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  1. These are rare and expensive. There is one coming up at Westlicht with a start price of €400 and an expected range of €800 to €1000. It seems to have a red scale which I have not seen with this lens before. The hoods for these are also rare and fetch prices around €300. I have both the lens (black scale) and the hood. Without the hood you are talking about a very low profile ‘pancake’ format on an M body.

    The lens works very well on digital bodies and I will shoot some images with it on the M240 and send the results to you. I would actually be interested in a modern version of this lens; perhaps the first potential modern Leica lens product that has aroused my interest for quite some time. The f5.6 Summarons are coated and give a more modern look than pre war lenses such as the 28mm f6.3 Hektor.


  2. Correction. On pulling out my f5.6 Summaron from a cabinet in order to put it on my m240, I see that it has a red aperture scale for depth of field but the indicator on mine is a black triangle, whereas the one at Westlicht has a red triangle. Confusing maybe; but I only say this for accuracy and clarification.


  3. Yes I have one as well, super little lens as incidentally was the Russian made Leica screw fit 28mm f6.3 Orion at a fraction of the price. Don Morley

    • Hola, Don, good to hear from you. I’m definitely going to buy one of these if/when/probably it is launched. It’s one of those quirky lenses that will appeal.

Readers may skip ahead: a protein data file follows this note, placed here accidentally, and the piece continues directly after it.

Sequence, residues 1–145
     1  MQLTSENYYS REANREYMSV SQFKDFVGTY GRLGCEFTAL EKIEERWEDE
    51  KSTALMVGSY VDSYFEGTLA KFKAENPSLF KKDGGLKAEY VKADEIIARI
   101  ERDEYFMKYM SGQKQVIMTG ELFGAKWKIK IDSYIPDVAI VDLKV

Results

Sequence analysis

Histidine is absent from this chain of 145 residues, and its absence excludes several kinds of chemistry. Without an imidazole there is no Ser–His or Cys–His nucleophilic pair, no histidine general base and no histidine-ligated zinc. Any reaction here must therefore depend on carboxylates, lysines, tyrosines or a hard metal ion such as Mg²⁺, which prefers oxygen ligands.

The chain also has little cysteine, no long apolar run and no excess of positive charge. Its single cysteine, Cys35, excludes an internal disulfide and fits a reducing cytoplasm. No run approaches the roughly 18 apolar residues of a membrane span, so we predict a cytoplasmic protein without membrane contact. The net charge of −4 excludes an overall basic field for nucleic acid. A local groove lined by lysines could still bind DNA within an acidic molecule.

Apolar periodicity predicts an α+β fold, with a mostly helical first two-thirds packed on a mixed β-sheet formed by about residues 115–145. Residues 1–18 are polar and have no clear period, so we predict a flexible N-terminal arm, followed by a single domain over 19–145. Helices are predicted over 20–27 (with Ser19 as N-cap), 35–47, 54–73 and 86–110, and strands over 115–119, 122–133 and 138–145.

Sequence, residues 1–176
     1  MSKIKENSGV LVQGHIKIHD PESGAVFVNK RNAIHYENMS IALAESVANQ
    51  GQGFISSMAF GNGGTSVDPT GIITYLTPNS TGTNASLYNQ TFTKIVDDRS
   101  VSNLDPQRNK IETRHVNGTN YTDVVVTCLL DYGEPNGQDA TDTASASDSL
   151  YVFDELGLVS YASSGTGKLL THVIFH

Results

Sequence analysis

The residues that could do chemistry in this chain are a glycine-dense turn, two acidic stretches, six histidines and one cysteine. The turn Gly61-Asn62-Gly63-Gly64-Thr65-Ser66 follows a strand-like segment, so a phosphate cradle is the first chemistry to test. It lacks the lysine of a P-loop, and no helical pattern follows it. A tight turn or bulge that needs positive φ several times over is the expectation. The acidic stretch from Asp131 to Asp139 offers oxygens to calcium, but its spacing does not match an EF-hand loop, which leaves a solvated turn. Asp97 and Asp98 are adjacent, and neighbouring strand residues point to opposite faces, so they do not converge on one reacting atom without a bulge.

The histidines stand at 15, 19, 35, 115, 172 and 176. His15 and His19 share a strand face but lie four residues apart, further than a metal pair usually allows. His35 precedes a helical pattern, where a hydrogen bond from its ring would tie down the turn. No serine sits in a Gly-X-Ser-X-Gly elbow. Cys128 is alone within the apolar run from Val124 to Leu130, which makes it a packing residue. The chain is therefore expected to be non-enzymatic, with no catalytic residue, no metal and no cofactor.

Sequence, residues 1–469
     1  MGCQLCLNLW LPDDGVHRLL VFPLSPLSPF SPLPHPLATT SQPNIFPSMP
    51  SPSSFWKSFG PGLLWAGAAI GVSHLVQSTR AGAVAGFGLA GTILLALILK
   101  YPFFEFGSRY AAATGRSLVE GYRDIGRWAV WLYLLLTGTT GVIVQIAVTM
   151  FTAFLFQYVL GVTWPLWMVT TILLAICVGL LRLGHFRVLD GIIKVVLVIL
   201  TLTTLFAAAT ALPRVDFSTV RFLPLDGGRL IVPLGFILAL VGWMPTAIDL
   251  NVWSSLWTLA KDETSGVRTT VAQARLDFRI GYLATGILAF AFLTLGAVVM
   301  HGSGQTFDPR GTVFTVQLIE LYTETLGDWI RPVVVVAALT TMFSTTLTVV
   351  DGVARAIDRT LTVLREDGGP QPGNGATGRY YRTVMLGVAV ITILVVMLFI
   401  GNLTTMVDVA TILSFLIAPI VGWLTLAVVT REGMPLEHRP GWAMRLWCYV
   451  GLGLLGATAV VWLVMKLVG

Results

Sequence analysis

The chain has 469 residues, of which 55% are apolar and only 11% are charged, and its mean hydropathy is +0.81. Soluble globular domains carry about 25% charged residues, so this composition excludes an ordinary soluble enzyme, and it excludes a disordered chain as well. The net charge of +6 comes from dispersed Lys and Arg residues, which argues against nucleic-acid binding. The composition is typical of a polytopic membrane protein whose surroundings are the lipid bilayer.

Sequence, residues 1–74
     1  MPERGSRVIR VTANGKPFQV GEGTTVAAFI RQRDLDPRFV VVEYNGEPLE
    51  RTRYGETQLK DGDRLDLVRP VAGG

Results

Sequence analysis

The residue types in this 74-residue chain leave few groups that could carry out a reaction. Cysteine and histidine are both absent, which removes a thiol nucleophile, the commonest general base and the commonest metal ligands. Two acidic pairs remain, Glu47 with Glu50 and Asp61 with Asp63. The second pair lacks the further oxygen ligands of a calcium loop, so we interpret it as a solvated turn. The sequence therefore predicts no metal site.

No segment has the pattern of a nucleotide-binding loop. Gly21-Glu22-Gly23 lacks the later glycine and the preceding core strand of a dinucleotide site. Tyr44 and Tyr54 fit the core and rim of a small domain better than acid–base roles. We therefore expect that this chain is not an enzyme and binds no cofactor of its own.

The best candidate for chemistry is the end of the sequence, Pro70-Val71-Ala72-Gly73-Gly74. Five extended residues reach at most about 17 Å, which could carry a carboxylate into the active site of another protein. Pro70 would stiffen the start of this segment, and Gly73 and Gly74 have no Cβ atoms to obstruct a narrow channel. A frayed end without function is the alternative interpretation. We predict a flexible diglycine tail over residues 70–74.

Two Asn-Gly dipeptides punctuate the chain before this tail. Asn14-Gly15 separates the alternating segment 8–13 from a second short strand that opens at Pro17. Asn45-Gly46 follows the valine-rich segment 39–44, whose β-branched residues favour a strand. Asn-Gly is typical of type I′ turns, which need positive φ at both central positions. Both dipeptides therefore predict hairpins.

4. I used to own a Summaron 28mm f/5.6, but traded it in as part of a complete Leica IIIf kit (camerabody, Summaron 28mm, Elmar 50mm, Hektor 135mm) for a brand new Leica M6. The lens was very compact, focussing was very smooth, but I remember the colour rendition with slide film to be quite cool and I sort of disliked the limitation of the f/5.6 full opening. But it was the most beautiful of the three lenses, and in prestine condition. The only thing I didn’t sell was its beautiful metal lenscap with the Leica logo on it. Would I only have known then that it was a relative rarity, the price I got for the complete kit was less than £599 🙁

    • What year did you sell, René, that sounds a very low price, especially with the old Summaron 5.6 fetching up to £600. Hold on to that cap, it could be valuable.

      • I think it was 1996, Mike. I saw the M6 for the first time in real life in a small camerashop in Vienna on a business trip in 1995, and was much impressed by the compactness of the M-lenses (and still am). The Leica IIIf kit was given to me by my father and I simply couldn’t resist the M6. Had to confess to my father that I traded in his camera and showed him the M6. He looked at it and through it and much to my relief he said: "I would have done the same". But in retrospect I should have kept the IIIf and lenses. Still own the M6, adore it and will never ever sell it. In 3 million years they will dig it up and say: "Look, a sign of an ancient civilization". Love your blog.

        • Renè,

          Thank you for your nice comment on the blog. Yes, hindsight is a wonderful thing. I have sold many things that I should have kept. On the other hand, I got rid of many things that I ought to have sold earlier. It’s a nice story, though, especially your father’s reaction.

          The good thing about Leica film cameras is that they are something to keep for a lifetime.